11th October 2017
During a divorce, the priority has to be the kid’s welfare and wellbeing. Using them as a weapon against your partner in a messy breakup is cruel in the extreme.
It’s important to recognise from the outset that children react to stressful situations in very different ways to adults. They have no frame of reference to work from, so to them the feelings of abandonment, confusion, loneliness and even anger are new and often completely overwhelming. Often, children will blame themselves for the break-up of their parents’ relationship, and it can be very difficult to convince them otherwise.
Because children can find it difficult to express their emotions in terms that an adult will understand, they can also ‘shut down’, and keep their feelings hidden. So it’s not unusual for parents to underestimate the impact their marital issues are having on their children. Little Johnny isn’t ‘fine’ by any stretch of the imagination – he’s hurting badly, and unable to communicate how he’s really feeling right now.
The first responsibility of any parent is to keep the confrontation to an absolute minimum, especially in front of the children. If you have to have a row, then do it where your children can’t witness or hear it. And don’t underestimate how quickly kids can pick up on an ‘atmosphere’, either. Children are extremely empathic, and can be effected just as much by frosty silences as they can by mum and dad’s screaming matches.
Have a plan
A parenting plan can help make the transition period much smoother, and give you both a point of reference that’s agreed and in place before you start divorce proceedings. At this point, don’t be afraid to ask for help. A third party can often mediate between two partners to ensure the welfare of the children remains a priority from start to finish. Remember that this part of a divorce can become highly emotionally charged, so a mediator can often help to keep a sense of perspective and to calm the situation.
While mothers have parental responsibility from birth (unless the child has been put up for adoption) the situation can often be less than clear for fathers. If you were married at the time of the child’s birth, then you have parental responsibility. However, if you were not married then it will depend on the date of birth of the child. If the child was born after 1st December 2003 and the father is named on the birth certificate, then they have responsibility. If the child was born after that date then parental responsibility is automatically granted to the mother, unless there are mitigating circumstances.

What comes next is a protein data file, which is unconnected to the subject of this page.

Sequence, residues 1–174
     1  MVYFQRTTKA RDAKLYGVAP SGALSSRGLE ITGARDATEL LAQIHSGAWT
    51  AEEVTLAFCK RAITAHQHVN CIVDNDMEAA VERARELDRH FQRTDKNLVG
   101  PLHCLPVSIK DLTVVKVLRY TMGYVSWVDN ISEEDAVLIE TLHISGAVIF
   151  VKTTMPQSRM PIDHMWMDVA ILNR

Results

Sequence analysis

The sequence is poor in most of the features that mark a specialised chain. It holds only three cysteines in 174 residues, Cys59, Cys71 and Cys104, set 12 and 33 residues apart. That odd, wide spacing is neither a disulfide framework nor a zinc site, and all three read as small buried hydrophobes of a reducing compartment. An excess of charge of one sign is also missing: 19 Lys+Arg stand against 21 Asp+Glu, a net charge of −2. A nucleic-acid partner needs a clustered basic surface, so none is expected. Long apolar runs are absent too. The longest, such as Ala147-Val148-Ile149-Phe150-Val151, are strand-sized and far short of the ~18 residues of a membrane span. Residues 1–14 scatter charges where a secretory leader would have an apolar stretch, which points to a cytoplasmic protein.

Who should the child live with?
In most cases, the parents will decide who the child should live with on a permanent basis, while granting the other parent access. If this can be agreed amicably, then there should be no need for a court order, which is also the best possible outcome for the child.
However, if the courts become involved in the arrangement, then they will look at a number of factors before laying down the agreement in what is now known as a ‘Child Arrangements Order’. This will cover both residence and access rights.
How the courts act
Throughout the procedure, the wishes of the child should be carefully considered, and is the top priority as far as the courts are concerned. The older the child, the more likely they are to have an influence over whom they live with, and what visiting rights are allowed.
The courts will use the Children’s Act 1989 as their check list when dealing with any break up that involves kids. But it’s up to you to make sure your children’s welfare is a top priority when you’re away from the courtroom.
That means providing a safe and secure environment that a child can feel at ease in, with the emphasis on ‘secure’. The upheaval that a divorce causes puts enormous strain on a child’s perception of stability, and can be incredibly damaging. Your relationship with your partner may have come to an end, but both of your relationships with your children will last a lifetime. No matter how bad things get, always put the welfare of your children first, and never, ever use them as a ‘weapon’ against your partner.
For advice on separation and divorce please contact our understanding Family Team on 01256 844888 or email email@example.com
The contents of this article are for the purposes of general awareness only. They do not purport to constitute legal or professional advice. The law may have changed since this article was published. Readers should not act on the basis of the information included and should take appropriate professional advice upon their own particular circumstances.
If you are need of professional, reliable legal advice, contact us today.
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